Modern mining is a high-tech undertaking in decidedly hostile environments

Hitachi ABB wireless mining communication networks transport data, voice, and video, supporting applications that are essential to efficient and safe mine operations. The network is typically comprised of both fixed and mobile nodes. Wireless communications products operating in this setting are ruggedized and be capable of handling extreme temperatures and weather conditions, shock and vibration, as well as dirt and dust.

To provide maximum benefit, wireless mining communication networks must offer broadband speeds and form a flexible and reliable foundation to securely support multiple applications on one cost-effective physical infrastructure. A single mining communication network can simultaneously support a range of applications such as:

Fleet management – continuously optimize mine operations through real-time work order assignment and vehicle guidance/positioning to maximize productivity and capital utilization. Fleet management systems require reliable, high performance, and flexible mobile networks to keep the mine running.

Live monitoring of mobile equipment telemetry – increases uptime, improves operational efficiencies and lowers costs, and safety of mission-critical heavy-duty mining equipment. This data is used for early equipment problem identification/problem avoidance, remote diagnostics, and scheduling of optimal time for routing and preventative maintenance. Common types of data collected include truck speed, tire pressure and temperature, and load.

Real-time video feeds for operations – increases situational awareness and safety, with 24 x 7 visibility into mining pit activities. Should a problem be detected operations can quickly respond while time-stamped recordings support remote correlation of alarms with actual events.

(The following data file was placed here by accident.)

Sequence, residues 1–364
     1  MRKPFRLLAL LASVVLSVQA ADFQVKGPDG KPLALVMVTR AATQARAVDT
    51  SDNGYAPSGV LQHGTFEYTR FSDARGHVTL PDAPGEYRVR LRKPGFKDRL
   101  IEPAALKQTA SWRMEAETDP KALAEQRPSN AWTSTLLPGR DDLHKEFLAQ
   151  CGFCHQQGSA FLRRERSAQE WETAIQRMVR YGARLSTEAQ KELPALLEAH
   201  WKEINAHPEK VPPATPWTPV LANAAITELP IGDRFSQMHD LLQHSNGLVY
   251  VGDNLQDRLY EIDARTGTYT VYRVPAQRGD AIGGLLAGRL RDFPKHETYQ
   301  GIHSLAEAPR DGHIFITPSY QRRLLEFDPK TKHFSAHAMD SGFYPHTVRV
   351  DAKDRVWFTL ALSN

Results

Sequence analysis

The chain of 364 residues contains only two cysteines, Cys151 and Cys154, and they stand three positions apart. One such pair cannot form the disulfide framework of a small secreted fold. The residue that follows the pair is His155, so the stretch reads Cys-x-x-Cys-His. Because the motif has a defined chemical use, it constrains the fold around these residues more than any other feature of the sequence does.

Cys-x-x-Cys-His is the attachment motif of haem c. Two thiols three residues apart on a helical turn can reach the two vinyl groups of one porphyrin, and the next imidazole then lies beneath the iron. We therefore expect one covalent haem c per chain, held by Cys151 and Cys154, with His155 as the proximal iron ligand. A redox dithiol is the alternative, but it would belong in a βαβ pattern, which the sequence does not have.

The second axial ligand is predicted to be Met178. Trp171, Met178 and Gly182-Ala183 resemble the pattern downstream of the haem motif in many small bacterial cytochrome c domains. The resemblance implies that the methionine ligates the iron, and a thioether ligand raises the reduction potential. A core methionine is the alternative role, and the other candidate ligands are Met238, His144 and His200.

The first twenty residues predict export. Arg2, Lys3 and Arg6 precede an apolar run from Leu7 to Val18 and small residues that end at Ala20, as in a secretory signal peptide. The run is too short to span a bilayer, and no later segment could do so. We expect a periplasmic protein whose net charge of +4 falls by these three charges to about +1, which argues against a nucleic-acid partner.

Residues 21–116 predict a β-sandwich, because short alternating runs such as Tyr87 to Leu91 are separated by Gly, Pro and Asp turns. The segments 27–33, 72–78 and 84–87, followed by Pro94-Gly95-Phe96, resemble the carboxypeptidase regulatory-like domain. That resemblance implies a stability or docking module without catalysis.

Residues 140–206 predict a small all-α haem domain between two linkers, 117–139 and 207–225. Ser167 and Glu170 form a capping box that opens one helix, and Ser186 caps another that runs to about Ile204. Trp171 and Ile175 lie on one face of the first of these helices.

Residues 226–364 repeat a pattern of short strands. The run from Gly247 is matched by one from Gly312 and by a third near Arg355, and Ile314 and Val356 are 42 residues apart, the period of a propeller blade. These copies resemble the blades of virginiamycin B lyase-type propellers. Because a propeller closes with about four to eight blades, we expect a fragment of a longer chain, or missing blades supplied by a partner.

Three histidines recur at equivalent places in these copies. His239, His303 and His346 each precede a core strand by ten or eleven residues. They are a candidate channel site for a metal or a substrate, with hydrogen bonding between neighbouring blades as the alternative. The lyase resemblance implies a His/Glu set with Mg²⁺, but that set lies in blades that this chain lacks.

Video surveillance – enables remote monitoring of key facilities such as explosive storage locations and mixing sites. It is also used to enable perimeter security, monitoring for possible illicit activity and site entry as well as emergency situations such as fire or storm damage.

Access control – ensures that all site entry locations are monitored, and access granted only to authorized personnel for security and safety. Access control methodology varies and includes keypads; fobs; key cards; and biometrics.

Safety system monitoring – enhances the site and personnel safety. Examples of real-time monitoring applications include “man down” systems and streaming radar scans of pit walls to detect movement that could indicate a stability problem.

Mobile field communications – enables communications and access to data between workers in the minefields, staff located in operations control and processing plants, improving operational efficiencies and productivity.

Field access to drill and blast data – enables workers to quickly determine the proper amount of placement of explosives.

Mining Management Software (MMS) – remote analysis applications used in making operational decisions that improve mining productivity and profitability.

Autonomous and semi-autonomous mining applications – enable remote operations of mining equipment without human operators, keeping people out of dangerous situations as well as increasing productivity.

Mining Iron Ore in Australia
Harsh environment requiring highly reliable fixed and mobile routers for mission-critical applications that improve productivity and worker safety.

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